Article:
Studying Vision Impairments in Multiple Sclerosis

February 6, 2015

Studying vision impairments and their effects on quality of life in multiple sclerosis patients is a developing field.

Vision impairments due to multiple sclerosis (MS) is common but an under studied area, according to a report from a recent international meeting of investigators published in Brain.

Researchers from both the United States and the United Kingdom reported on an international meeting of investigators aiming to develop and study visual outcomes in MS. The meeting, held in November 2013 in Dublin, Ireland, was attended by over 60 investigators in the realms of MS, neuro ophthalmology, clinical trial design, and evaluation of clinical outcome measures from Europe, North America, Asia, and Australia.

First, the researchers examined optic neuritis associated with MS, which is common among patients. The symptoms are described as several days of visual loss and, often, peri orbital pain exacerbated by eye movements. Complete vision loss is uncommon, however. Improvement of vision takes place typically after about 1 month following symptom onset. About 95 percent of patients achieve 20/40 high contrast visual acuity (HCVA), although many patients experience decreases in vision related quality of life (QOL) after 5 to 8 years. There are short term treatments, typically intravenous methylprednisolone, which can speed recovery, but nothing offers long term benefits. Optical coherence tomography (OCT) offers a good option, the researchers believe, in studying therapies for neuroprotection and repair in MS.

The attendees also believed that patient reported outcomes are equally if not more important than clinical outcomes in measures of visual function, structure, and electrophysiology in their relation to patient QOL. The most common test used for vision specific QOL, the NEI-VFQ-25, are reduced in MS patients, so a 10-item supplement was introduced. However, there have still been reduced scores reported for MS patients. Attention must also be paid to fatigue during study visits, according to the authors.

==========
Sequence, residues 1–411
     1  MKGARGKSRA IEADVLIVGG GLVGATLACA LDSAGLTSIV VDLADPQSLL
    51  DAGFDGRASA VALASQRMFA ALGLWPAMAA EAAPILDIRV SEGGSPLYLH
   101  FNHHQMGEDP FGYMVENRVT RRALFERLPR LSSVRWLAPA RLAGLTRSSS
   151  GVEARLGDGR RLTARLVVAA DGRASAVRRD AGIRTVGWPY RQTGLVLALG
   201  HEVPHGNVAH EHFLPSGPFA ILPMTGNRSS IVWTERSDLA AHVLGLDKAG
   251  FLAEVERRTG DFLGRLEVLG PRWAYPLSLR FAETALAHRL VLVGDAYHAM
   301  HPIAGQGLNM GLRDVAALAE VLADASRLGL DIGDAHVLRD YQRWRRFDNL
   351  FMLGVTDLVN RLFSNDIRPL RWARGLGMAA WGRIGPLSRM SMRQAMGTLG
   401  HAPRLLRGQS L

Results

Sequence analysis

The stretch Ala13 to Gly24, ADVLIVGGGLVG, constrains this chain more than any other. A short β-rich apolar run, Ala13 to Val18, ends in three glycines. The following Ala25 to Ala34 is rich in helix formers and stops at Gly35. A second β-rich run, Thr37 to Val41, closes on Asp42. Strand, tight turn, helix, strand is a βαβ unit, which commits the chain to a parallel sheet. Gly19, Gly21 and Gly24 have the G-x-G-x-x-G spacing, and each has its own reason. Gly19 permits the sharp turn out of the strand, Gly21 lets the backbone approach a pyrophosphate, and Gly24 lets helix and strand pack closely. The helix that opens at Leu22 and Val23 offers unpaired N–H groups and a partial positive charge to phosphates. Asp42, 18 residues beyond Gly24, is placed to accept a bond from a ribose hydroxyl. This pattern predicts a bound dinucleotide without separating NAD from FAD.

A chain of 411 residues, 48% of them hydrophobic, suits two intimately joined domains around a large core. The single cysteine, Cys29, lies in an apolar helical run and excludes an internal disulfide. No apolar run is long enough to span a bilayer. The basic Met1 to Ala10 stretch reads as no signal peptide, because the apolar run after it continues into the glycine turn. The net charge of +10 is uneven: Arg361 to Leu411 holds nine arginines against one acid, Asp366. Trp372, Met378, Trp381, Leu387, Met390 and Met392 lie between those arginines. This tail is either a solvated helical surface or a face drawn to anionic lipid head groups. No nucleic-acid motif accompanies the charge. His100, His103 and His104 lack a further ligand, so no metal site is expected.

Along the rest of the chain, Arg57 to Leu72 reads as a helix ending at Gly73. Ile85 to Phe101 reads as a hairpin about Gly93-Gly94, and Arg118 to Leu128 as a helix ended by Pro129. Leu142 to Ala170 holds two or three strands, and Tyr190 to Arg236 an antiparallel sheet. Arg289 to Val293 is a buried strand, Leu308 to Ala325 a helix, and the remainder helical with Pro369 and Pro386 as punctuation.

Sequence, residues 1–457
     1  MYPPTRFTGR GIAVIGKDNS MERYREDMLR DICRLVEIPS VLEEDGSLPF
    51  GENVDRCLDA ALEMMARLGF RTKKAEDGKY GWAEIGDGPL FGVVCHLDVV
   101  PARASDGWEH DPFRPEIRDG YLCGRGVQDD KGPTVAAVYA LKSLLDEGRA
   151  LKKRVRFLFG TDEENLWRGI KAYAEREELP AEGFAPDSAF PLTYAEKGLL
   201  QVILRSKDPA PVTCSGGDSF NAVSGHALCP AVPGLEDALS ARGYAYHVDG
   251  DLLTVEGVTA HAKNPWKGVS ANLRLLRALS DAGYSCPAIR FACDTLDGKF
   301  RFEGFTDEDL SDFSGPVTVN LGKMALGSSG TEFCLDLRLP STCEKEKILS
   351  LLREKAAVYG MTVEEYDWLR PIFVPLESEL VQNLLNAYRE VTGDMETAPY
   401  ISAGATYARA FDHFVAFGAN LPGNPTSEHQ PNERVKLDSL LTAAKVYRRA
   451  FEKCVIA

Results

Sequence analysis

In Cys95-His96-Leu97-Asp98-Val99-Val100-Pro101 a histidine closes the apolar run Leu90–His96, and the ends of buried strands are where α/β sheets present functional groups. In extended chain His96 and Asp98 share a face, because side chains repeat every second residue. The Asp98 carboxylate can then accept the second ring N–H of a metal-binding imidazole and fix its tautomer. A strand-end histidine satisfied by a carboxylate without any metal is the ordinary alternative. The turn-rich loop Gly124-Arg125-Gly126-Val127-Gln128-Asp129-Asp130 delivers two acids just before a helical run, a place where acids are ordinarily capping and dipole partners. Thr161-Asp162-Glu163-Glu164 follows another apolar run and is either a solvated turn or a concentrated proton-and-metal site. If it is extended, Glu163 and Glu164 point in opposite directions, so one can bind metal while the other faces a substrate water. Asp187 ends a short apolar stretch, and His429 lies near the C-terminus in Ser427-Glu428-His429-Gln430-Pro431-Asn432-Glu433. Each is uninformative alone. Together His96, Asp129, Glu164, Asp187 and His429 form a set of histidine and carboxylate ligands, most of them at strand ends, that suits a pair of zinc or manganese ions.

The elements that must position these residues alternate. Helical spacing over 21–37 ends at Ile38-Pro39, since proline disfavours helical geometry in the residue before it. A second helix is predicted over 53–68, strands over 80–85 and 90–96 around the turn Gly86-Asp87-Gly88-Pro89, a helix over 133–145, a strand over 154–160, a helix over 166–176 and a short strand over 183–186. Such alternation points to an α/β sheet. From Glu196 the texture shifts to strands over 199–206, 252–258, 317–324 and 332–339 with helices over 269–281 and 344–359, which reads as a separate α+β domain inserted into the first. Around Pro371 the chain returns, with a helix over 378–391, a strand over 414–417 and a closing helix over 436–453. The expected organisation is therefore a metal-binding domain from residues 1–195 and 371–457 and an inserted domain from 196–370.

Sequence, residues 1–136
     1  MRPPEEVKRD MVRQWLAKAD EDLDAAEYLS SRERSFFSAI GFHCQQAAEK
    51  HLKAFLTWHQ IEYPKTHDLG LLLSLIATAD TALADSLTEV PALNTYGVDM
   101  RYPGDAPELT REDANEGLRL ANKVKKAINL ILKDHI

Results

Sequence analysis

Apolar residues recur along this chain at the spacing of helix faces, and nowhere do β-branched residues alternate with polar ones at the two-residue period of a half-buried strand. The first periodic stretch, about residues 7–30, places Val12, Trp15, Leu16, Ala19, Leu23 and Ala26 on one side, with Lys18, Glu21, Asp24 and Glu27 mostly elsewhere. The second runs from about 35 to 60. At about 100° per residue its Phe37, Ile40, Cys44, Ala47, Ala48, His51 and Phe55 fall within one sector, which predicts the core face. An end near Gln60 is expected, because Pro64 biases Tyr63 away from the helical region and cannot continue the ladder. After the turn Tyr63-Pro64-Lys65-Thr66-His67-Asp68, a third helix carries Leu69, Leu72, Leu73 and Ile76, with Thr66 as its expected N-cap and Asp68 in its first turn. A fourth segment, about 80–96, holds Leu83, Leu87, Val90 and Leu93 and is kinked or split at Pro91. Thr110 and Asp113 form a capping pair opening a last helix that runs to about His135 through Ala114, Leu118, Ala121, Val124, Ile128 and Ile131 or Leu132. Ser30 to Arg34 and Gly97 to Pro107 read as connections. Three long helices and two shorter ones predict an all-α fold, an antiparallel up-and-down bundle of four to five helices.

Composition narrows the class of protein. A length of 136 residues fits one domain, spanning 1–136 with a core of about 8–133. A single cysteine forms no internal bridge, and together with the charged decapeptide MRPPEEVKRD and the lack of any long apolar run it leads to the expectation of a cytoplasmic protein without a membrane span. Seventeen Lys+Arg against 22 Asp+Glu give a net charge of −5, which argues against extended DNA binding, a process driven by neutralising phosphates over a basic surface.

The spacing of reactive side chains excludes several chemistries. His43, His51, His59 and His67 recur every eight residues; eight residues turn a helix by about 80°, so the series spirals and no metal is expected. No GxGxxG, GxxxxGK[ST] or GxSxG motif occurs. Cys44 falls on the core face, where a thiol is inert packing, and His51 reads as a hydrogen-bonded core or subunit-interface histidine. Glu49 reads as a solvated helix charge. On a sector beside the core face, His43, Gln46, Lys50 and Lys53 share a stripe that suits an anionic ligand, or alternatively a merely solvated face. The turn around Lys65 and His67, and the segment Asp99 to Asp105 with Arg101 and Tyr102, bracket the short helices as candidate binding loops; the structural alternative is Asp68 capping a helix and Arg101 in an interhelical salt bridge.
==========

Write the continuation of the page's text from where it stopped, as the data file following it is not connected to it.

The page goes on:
“Ideally, visual measures used in MS clinical trials should be standardized, reliable, practical, tolerated by study participants, and applicable for both adult and pediatric populations,” the authors wrote. “Aspects include visual function, vision specific QOL, structural markers, and electrophysiological tools.”

More comprehensive studies of visual dysfunction as secondary outcomes in clinical trials are needed, and particularly for progressive MS, the attendees determined. But more trials which aim to improve visual outcomes following optic neuritis are needed, as well.

“It is imperative that trials focusing on acute optic neuritis have sufficiently stringent eligibility criteria to insure accurate diagnosis and to avoid enrolling participants with other forms of optic neuropathy or causes of visual loss,” the authors concluded.

This is especially true in pediatric MS cases, although they are rare, which present many study challenges for researchers, the authors reported.

“The capacity for measures of visual function, QOL, visual pathway structure, and electrophysiology to show not only deterioration but also improvement will be critical in the emerging era of agents that repair and protect the nervous system,” the authors said. “Vision research in MS will continue to require and benefit from the collaborative approach that has contributed to its success over the past decade.”